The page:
High Hopes for the Future


It’s been a month since I’ve made the trip downtown to see my good doctor.  He is the one who has been treating my throat for a weakened vocal cord, known as Paresis.  Nearly a year ago, it came to be following an upper respiratory illness.  After recuperating, I was left with this.  I made reference to it in a post I wrote called, “Croaked,” https://kimgosselinblog.com/2013/12/30/croaked/.

My good doctor finally diagnosed me last December.  He taught me the rigors of vocal therapy.  We worked together in his office.  When not there, I worked at home.  A great amount of time was spent practicing my sounds, learning to breathe from my diaphragm, pushing my voice to the limit nearly each and every day since January.  A small price to pay to speak again in a world where one’s voice is their message in a bottle.

Together, my doctor and  I viewed new pictures taken of my vocal cords a month ago.  They were much improved from others we had seen, last December.  My throat felt well again.   I was speaking better too, stronger and clearer.  My next appointment was made for the following month.  In the interim, I would continue my therapy as usual.

Living with a chronic illness takes a good and compliant patient.  Never-the-less, I couldn’t help but experiment a bit.  I was tired of practicing my sounds for nearly hours each and every day.  What would happen if I took a break?  Would my throat begin to regress?  Did I have to practice my prescribed vocal exercises forever?  Was I truly living with a Chronic Condition?

Only a few days passed of my “experiment,” before my throat began to feel sore.  It hurt.  I coughed at night.  It felt scratchy during the day.  My voice sounded a bit rough.  When I spoke, it became weak and raspy.  If I talked on my cell phone, I could feel myself working to overcompensate for what was not naturally there.  In the end I croaked.

Immediately, I started my vocal exercises in a room where no one could hear me.  My voice was already weakened.  Taking my decibel meter with me, I struggled to reach numbers near the top.  How disappointing it was for me.  It had only been a few days; a week at the most.  Would I have to do exercises for the rest of my life?  If so, I could live with that.  I simply wanted to know.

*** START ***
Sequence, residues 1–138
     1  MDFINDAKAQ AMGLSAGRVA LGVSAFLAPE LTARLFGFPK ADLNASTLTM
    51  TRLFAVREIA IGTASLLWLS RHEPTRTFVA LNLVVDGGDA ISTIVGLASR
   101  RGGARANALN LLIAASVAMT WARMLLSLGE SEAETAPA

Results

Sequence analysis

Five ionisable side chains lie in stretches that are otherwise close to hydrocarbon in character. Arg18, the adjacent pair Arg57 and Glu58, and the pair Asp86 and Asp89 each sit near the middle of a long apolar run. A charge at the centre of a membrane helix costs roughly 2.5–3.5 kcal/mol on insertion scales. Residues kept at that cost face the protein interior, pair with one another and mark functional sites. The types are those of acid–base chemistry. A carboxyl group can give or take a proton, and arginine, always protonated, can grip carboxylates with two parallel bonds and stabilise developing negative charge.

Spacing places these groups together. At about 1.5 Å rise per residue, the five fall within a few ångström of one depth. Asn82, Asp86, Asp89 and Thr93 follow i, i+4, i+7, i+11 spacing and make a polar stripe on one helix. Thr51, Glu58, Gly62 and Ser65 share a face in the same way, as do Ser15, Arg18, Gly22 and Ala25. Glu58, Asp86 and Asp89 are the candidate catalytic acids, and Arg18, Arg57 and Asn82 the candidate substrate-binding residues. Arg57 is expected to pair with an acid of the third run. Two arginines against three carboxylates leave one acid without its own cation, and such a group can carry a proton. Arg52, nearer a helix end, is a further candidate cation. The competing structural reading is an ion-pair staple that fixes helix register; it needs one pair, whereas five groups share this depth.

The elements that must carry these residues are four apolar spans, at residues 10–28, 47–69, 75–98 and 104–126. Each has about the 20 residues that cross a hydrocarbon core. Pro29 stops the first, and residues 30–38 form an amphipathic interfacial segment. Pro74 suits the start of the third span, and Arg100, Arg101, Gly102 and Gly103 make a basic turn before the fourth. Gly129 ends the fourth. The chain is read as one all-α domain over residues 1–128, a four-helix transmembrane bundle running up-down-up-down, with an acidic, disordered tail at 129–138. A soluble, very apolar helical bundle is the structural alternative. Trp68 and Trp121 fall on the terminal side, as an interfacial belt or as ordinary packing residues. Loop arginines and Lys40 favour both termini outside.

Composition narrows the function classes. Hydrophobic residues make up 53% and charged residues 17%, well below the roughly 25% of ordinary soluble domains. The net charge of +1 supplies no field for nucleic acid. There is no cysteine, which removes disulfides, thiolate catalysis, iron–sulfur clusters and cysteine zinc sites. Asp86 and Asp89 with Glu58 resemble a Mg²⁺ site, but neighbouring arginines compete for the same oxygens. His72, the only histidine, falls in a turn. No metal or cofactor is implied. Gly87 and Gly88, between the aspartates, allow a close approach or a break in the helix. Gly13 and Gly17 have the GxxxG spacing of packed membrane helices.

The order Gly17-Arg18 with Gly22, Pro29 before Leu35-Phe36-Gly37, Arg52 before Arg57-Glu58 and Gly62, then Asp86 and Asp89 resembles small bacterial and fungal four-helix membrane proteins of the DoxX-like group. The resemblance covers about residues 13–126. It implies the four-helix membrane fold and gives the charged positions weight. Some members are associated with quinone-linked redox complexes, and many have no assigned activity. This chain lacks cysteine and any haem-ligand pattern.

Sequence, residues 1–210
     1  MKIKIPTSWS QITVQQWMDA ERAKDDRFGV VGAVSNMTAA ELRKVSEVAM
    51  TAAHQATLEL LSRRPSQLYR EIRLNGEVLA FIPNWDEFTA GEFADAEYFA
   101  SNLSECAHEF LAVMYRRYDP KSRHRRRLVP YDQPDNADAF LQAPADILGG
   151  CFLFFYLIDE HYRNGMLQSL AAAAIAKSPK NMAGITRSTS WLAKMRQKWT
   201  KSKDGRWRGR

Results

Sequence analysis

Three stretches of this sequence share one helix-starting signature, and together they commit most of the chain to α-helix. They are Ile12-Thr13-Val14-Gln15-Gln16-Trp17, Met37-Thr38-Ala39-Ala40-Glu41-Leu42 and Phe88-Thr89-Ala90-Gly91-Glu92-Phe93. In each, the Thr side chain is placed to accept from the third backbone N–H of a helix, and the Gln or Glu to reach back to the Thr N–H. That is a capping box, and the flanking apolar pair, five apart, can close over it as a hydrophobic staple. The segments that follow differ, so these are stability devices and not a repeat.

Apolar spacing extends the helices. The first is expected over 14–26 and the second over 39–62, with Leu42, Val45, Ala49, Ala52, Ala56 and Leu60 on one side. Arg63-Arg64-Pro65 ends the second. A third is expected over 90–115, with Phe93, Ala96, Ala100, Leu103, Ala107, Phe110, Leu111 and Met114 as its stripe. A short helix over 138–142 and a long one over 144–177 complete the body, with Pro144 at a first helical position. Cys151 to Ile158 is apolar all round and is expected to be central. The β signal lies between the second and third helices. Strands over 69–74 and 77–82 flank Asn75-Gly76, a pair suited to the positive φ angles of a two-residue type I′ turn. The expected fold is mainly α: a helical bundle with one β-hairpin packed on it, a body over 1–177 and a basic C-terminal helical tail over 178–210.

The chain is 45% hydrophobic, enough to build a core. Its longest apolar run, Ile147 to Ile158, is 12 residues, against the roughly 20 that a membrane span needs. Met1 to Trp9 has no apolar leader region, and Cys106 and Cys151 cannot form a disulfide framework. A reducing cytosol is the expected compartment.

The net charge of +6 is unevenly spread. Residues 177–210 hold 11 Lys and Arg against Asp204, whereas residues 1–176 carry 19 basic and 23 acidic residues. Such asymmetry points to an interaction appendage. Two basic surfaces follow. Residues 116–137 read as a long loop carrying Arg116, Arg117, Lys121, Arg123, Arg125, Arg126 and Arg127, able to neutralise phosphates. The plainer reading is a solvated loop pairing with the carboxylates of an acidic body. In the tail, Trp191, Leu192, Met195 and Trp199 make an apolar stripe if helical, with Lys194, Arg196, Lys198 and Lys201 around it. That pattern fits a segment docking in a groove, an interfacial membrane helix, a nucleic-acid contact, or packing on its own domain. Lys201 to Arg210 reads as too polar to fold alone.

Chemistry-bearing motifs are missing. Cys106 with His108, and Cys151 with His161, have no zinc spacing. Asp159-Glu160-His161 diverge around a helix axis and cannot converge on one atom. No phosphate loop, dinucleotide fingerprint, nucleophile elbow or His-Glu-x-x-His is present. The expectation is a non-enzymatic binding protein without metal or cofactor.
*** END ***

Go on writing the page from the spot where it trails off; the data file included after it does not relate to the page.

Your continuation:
Yesterday, when I met with my doctor we looked eye to eye.  Without saying a word we both knew it was time.  Out of his pocket the white flag flew.  We had done all we could.  We had tried our best.  From where I had begun to where I am now, it is remarkable.  Still, I am not quite where I want to be.   Without exercising forever, I may never be.  It is not failure from a clinical standpoint.  My doctor has done the most wonderful job and done it well.  I am the one who hopes to put what is left of, “Humpty Dumpty” back together again.

Soon I will get an injection in my throat to plump up my weakened vocal cord.  It is not something I am looking forward to.  Still, it is another option.  When I am through, I will not have to exercise my vocal cords any more. I will be cured, no longer living with a “chronic condition.”  How lucky I am for this great miracle in life!

I am not sorry I worked so hard at vocal therapy.  It was an option I had to try.  I know I did everything I could.  I tried my best.  My good doctor too.  In cases similar to mine, vocal therapy is a cure for most patients.   I am an “exception,” I guess.  Such is life.  I wish to thank my good doctor for his time and patience.  We worked together well.  We tried our very best.

High hopes for the future.  On to the next.

Open mouth

14 thoughts on “High Hopes for the Future

  1. Whatever your throat may have sounded but your words sound loud. They take the reader to your world. Every effort you make will give you something. Life’s just like that.

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  2. Wishing you well with your injection, not nice! but you tried and gave it your best.. I hope that the injections work for you… I had bad laryngitides once upon a time for 3 days, and not being able to express yourself via speech is frustrating…. So good luck with your future treatment
    Sue xox

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    • Ah, Alisa, to have a whole world of friends who make comments like you!! 🙂 Think of me afterward, when I must not utter a peep. That is when I will REALLY need God’s help!!

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  3. gosh – what a bummer that this happened – and good for you for trying the exercises (and trying an drying – 😉 )
    anyhow, hope the host goes well – and just curious – did your singing voice get impacted by all those exercises?

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